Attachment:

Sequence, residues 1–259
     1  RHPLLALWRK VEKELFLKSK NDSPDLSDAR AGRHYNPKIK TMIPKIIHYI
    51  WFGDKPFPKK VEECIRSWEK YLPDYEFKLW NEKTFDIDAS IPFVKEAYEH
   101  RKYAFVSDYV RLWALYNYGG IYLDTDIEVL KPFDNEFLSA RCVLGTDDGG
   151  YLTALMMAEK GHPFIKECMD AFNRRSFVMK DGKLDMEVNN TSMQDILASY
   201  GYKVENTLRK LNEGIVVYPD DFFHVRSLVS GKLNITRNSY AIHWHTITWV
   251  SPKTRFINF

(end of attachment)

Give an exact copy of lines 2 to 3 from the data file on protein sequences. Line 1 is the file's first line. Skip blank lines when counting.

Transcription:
     1  RHPLLALWRK VEKELFLKSK NDSPDLSDAR AGRHYNPKIK TMIPKIIHYI
    51  WFGDKPFPKK VEECIRSWEK YLPDYEFKLW NEKTFDIDAS IPFVKEAYEH